CSI: Natureworld The Case of Burying Beetle Bob
A CSI probe into Bob’s disappearance has revealed damning evidence linking Sam to the incident!
It will be difficult for Sam the spotted salamander to deny involvement in the death of Bob, the burying beetle. A CSI probe into Bob’s disappearance has revealed damning evidence linking Sam to the incident: mites clinging to his body.
Why is this evidence significant? Bear with me. The mites found on Sam the spotted salamander, are normally found on burying beetles. They catch rides on burying beetles, as we do on taxis or buses.
You see, mites and burying beetles share the same rather distasteful quest: they both seek cadavers. Upon finding a dead critter – a mouse, a shrew, a small snake – burying beetles lay eggs on it and then, honoring their name, bury it.
They bury the body not out of respect for the deceased, but to hide it from pesky flies whose maggots would compete with their larvae for the mouldering flesh.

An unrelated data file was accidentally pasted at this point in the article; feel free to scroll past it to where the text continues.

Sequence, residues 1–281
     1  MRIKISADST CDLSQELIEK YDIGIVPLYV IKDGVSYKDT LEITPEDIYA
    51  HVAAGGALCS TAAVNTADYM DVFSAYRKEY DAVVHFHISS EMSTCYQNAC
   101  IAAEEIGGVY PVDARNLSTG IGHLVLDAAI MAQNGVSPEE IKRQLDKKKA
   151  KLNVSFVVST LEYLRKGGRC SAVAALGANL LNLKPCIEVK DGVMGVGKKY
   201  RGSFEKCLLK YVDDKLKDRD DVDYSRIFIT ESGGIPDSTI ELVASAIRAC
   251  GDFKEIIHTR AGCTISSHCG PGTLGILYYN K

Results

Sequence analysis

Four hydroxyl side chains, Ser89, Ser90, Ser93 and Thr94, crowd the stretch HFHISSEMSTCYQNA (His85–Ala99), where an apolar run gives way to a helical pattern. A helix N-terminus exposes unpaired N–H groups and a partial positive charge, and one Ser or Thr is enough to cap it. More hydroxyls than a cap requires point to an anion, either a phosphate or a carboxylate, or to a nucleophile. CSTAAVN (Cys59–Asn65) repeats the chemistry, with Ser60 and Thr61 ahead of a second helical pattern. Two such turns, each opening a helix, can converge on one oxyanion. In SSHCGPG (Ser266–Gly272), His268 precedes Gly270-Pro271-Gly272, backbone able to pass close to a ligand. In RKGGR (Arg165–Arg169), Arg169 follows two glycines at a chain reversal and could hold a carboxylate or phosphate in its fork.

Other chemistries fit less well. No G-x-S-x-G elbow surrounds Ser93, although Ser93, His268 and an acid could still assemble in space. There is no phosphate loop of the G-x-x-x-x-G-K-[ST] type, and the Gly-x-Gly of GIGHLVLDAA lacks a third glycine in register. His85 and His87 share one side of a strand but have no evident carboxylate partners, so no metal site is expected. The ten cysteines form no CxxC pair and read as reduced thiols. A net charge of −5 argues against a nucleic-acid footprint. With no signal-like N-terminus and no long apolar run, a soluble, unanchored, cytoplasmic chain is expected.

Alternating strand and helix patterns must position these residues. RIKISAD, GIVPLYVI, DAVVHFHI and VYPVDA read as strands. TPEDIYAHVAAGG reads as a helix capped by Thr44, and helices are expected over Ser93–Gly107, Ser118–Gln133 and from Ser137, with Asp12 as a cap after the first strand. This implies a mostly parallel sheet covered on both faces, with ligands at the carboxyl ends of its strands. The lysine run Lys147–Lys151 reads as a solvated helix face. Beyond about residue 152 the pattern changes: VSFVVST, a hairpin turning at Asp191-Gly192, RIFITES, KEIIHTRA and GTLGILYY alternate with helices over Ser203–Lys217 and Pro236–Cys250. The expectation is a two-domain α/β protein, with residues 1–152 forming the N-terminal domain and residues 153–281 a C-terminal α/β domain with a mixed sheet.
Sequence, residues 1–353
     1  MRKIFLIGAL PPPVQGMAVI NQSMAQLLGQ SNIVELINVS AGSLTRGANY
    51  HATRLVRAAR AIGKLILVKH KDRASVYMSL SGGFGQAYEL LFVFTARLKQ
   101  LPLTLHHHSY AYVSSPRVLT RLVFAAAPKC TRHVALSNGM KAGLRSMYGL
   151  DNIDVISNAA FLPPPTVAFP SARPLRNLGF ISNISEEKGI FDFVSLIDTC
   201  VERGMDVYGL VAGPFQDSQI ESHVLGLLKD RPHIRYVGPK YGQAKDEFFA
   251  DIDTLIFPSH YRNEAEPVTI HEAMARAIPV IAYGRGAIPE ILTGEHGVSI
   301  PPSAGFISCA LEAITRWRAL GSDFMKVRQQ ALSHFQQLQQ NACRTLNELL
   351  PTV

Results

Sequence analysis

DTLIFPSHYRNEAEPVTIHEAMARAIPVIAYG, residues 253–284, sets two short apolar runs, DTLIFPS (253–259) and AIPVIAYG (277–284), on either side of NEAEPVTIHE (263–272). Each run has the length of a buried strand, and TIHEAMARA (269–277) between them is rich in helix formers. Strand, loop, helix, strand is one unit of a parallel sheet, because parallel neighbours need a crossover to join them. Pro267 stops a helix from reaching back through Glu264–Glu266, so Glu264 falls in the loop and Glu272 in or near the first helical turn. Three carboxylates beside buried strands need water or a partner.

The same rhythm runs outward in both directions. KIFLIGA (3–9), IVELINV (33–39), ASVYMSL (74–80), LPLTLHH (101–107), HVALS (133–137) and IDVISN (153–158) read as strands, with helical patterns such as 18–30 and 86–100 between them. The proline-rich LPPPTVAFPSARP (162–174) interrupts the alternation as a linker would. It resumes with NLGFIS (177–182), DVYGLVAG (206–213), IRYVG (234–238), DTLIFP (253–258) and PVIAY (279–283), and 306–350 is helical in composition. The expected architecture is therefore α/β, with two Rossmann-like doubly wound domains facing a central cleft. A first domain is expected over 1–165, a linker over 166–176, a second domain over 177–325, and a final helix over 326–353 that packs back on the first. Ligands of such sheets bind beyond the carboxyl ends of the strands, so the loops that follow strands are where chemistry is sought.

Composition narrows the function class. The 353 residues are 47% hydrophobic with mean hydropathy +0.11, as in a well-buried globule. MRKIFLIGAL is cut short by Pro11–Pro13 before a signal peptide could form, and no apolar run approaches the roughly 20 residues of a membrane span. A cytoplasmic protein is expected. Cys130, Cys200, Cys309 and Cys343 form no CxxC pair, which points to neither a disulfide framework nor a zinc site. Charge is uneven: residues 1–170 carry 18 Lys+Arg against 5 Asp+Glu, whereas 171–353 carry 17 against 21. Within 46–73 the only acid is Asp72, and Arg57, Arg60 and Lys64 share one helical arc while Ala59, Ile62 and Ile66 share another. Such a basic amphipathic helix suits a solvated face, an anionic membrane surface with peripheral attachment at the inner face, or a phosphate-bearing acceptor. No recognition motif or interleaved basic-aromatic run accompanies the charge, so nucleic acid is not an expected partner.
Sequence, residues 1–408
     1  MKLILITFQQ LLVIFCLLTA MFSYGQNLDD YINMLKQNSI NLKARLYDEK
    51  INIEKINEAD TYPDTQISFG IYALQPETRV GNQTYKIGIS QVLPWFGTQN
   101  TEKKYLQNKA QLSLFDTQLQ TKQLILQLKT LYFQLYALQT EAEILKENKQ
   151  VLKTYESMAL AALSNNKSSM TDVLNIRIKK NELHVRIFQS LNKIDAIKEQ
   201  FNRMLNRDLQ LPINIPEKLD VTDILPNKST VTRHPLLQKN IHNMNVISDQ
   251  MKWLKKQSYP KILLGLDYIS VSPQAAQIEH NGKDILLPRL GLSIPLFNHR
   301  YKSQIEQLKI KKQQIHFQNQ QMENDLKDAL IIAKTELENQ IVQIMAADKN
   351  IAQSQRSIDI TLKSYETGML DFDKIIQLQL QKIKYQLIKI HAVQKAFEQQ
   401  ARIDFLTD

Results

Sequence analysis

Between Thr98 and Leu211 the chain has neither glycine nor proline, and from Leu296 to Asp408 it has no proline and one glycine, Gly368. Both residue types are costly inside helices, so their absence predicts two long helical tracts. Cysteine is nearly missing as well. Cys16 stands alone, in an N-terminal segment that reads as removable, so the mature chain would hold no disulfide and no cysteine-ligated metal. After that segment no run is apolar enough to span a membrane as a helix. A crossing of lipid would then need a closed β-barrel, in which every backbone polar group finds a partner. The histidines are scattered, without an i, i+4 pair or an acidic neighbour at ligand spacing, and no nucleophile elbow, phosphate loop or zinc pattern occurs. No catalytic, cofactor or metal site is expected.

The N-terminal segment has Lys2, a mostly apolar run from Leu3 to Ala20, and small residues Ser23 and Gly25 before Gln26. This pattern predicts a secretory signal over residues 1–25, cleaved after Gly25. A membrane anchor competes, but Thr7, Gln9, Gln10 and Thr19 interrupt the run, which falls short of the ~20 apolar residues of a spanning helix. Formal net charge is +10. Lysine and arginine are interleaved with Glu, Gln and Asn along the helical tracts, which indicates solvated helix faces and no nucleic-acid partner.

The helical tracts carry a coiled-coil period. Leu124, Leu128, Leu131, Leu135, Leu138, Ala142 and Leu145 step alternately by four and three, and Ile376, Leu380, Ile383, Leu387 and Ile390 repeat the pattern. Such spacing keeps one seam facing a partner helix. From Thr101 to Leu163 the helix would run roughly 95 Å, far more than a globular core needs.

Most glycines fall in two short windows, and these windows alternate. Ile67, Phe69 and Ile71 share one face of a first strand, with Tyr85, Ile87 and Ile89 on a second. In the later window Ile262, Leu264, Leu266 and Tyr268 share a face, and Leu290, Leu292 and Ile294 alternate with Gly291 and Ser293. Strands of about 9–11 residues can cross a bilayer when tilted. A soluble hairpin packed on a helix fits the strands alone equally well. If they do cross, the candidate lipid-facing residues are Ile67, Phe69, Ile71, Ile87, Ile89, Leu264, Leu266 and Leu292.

Ah, but it’s a given that some flies will lay their eggs before the burying beetle inters the body. That’s where the mites come in. They feed on fly eggs and maggots, not on the dead critter itself. With me so far?
So the mites and the burying beetle have a tidy arrangement. The mites, despite their eight-leggedness, have mobility issues. Riding the fast-moving burying beetles solves that problem for them. And then the mites reciprocate by killing the maggots that compete with the burying beetles’ larvae.
I know what you’re thinking. Get to the point! How does all this implicate Sam the salamander in the tragic disappearance of burying beetle Bob? The mites on Sam’s body are key. The prosecution in his upcoming murder trial will argue that the mites clambered off Bob and onto Sam… when Sam swallowed Bob!
Sam the spotted salamander is being held without bail. The mites are expected to testify against him. Justice will no doubt be served.
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